Propulsion comes from twin 2,200-hp GE Tier 4 engines turning 104-inch props in Nautican nozzles.
Reinauer did its homework on new Tier 4 propulsion before choosing the GE engines. The company has historically installed MTU mains, but when the Josephine/Kristy Ann project was coming together, MTU had not yet released its Tier 4 engine solution. Reinauer favored the GE platform largely because aftertreatment is not required.
“It’s half the rpm and better than twice the torque,” Reinauer said of the 6L250 GE engines. “They are a bit more efficient because they are running a slower speed and running the prop a little slower, so we also get more efficiency.”
Electrical power on Josephine and Kristy Ann comes from two 99-kW Marathon gensets driven by John Deere 6068 engines installed alongside the GE mains. The 99-kW emergency generator is located in a compartment on the main deck.
Josephine spent its first few months in service pushing RTC-107, a 100,000-bbl barge, throughout the northeast. Those are the largest barges in Reinauer’s fleet that operate with the JAK couplers. Bigger tugs in the fleet pair up with higher-capacity barges through Intercon couplers.
The Franklin-class hull is noticeably different than the Ruth- and Twins-class designs. Despite its 32-foot beam, the tug appears much roomier because the forecastle deck runs the width of the hull. This main level has five staterooms, the main head with multiple showers, and the oversized galley outfitted in stainless steel. The mess has seating for at least 12, despite the standard crew complement of seven.
The engine room layout had to be re-engineered to accommodate the larger GE mains and other changes from earlier tugs in the series.
The captain and mate’s rooms are located on the 01 deck along with a shared head. From there, stairs lead through the steel tower to the wheelhouse with a 55-foot height of eye. The wheelhouse features flatscreen displays, a monitor for closed-circuit TV cameras and Furuno and Simrad components.
The tugs are among the first in Reinauer’s fleet equipped with an advanced Furuno electronic chart display information system, or ECDIS. The system is more advanced than standard e-navigation software and effectively eliminates the need for paper charts.
Reinauer acknowledged he doesn’t care much for “glitzy” vessel interiors. That said, these tugs were designed with crew comfort in mind. Amenities include ample insulation, floating floors and sound-damping paint to reduce noise and vibration. These tugs also are Reinauer’s first to feature isolation mounts on medium-speed engines.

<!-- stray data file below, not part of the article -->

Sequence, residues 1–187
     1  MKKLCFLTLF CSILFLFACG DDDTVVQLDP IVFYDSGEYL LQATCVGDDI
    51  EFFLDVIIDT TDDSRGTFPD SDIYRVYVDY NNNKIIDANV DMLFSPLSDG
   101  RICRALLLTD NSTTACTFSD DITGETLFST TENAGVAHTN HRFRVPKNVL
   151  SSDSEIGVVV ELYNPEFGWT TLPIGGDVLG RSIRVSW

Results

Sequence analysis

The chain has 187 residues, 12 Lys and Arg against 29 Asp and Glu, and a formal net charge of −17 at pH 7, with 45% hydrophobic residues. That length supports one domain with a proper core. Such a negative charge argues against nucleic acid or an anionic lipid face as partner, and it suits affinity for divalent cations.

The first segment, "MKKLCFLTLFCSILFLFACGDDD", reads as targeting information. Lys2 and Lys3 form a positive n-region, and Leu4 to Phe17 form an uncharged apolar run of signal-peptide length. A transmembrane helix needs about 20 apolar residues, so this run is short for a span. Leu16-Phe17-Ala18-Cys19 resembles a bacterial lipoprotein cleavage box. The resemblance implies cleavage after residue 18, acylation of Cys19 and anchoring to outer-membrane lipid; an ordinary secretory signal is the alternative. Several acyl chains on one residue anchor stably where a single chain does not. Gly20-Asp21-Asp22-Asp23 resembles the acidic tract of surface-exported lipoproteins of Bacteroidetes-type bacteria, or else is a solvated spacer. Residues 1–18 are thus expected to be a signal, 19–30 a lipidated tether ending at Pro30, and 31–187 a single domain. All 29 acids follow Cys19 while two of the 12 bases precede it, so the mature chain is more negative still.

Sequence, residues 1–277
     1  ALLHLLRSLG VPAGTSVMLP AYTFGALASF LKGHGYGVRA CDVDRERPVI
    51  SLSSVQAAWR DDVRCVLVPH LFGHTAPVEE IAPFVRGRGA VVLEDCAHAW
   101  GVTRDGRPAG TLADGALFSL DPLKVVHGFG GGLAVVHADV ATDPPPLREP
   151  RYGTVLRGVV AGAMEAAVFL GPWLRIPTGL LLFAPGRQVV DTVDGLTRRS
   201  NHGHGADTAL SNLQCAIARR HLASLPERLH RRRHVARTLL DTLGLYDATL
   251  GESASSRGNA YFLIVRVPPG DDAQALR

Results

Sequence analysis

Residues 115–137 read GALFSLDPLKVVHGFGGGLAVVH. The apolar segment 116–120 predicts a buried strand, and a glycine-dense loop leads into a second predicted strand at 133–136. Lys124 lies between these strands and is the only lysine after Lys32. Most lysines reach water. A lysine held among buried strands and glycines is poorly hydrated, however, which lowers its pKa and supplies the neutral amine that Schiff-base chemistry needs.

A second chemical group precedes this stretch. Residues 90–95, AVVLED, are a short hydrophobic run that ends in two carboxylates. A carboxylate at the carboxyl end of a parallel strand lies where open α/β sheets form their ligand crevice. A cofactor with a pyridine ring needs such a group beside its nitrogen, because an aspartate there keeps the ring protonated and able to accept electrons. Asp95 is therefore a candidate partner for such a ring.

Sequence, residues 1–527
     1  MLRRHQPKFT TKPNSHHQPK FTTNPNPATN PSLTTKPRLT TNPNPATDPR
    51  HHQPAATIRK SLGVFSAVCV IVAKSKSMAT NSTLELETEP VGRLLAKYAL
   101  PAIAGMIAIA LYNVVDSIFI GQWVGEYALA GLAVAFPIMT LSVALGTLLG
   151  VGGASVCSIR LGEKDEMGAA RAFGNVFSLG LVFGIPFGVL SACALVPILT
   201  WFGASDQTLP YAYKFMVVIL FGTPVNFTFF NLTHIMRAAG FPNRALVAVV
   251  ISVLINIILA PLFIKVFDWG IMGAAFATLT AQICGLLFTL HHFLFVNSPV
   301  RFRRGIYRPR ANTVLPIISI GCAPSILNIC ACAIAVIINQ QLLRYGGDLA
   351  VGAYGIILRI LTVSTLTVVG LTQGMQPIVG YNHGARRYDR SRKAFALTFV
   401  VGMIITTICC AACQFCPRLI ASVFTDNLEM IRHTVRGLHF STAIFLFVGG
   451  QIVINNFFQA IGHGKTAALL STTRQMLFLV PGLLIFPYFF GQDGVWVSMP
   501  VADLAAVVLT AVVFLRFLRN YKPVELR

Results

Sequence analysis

“The idea is these guys spend half their life here. This is their home away from home,” Reinauer said, noting that typical hitches last two weeks. “We work on the comforts you need to sleep and do your job.”
Mate Robert Harrigan joined Josephine after working on the 51-year-old Dace Reinauer. Larger staterooms and crew spaces are among the obvious improvements, but there are plenty of others that are more subtle — like heated wheelhouse windows to eliminate fog. Harrigan recalled crew pointing space heaters at foggy windows in some of the older tugs.
The “facet tug” design created by Bob Hill at Ocean Tug & Barge Engineering is made entirely from straight, faceted steel sections. When pushing a barge, the design works just as well as a conventional hull, Hill says.
“I would almost say I am excited about it,” Harrigan said of joining Josephine. “The bigger space, comfortable rooms, all of that stuff goes a long way.”
Reinauer has built more than 10 tugs in the last decade and has learned some valuable lessons along the way. One decision replaced the seldom-used towing winch with a 25-hp JonRie InterTech capstan to save weight and money.
Another took advantage of myriad redundancies to reduce unplanned work stoppages. The company’s newbuild tugs come with three generators where two are required, backup wash water pumps, water heaters and HVAC units.
These two tugs are among the select few in the company fleet without the Reinauer surname. The company formerly ran the pushboat Kristy Ann Reinauer, named for someone with a different last name. Meanwhile, Josephine aligns with Reinauer’s longtime romantic partner, Josephine Killen. It’s also the name of a tug his father operated many years ago.
Given the history involved, there are high expectations for these vessels. So far, they are meeting the challenge.